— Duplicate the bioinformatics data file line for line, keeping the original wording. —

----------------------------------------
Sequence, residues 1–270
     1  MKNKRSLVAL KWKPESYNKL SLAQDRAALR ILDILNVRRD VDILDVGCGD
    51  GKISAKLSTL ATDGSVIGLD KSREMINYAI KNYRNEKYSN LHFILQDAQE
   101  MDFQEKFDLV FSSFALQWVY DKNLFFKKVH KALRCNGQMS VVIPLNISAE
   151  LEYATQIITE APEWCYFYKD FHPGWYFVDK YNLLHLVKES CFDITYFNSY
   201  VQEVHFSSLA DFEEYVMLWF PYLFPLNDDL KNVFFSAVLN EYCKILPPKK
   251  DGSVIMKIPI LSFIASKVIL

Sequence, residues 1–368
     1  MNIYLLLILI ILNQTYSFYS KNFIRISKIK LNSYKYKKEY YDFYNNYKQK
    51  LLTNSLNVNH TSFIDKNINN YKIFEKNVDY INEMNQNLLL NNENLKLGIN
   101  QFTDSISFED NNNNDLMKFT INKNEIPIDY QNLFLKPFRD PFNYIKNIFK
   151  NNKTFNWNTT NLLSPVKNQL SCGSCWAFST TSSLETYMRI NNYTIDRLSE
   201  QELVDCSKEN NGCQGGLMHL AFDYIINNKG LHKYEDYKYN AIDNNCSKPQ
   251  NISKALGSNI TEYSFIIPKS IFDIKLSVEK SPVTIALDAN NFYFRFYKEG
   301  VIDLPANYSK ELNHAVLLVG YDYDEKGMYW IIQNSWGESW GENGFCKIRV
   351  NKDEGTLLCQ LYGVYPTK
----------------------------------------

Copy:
Sequence, residues 1–270
     1  MKNKRSLVAL KWKPESYNKL SLAQDRAALR ILDILNVRRD VDILDVGCGD
    51  GKISAKLSTL ATDGSVIGLD KSREMINYAI KNYRNEKYSN LHFILQDAQE
   101  MDFQEKFDLV FSSFALQWVY DKNLFFKKVH KALRCNGQMS VVIPLNISAE
   151  LEYATQIITE APEWCYFYKD FHPGWYFVDK YNLLHLVKES CFDITYFNSY
   201  VQEVHFSSLA DFEEYVMLWF PYLFPLNDDL KNVFFSAVLN EYCKILPPKK
   251  DGSVIMKIPI LSFIASKVIL

Sequence, residues 1–368
     1  MNIYLLLILI ILNQTYSFYS KNFIRISKIK LNSYKYKKEY YDFYNNYKQK
    51  LLTNSLNVNH TSFIDKNINN YKIFEKNVDY INEMNQNLLL NNENLKLGIN
   101  QFTDSISFED NNNNDLMKFT INKNEIPIDY QNLFLKPFRD PFNYIKNIFK
   151  NNKTFNWNTT NLLSPVKNQL SCGSCWAFST TSSLETYMRI NNYTIDRLSE
   201  QELVDCSKEN NGCQGGLMHL AFDYIINNKG LHKYEDYKYN AIDNNCSKPQ
   251  NISKALGSNI TEYSFIIPKS IFDIKLSVEK SPVTIALDAN NFYFRFYKEG
   301  VIDLPANYSK ELNHAVLLVG YDYDEKGMYW IIQNSWGESW GENGFCKIRV
   351  NKDEGTLLCQ LYGVYPTK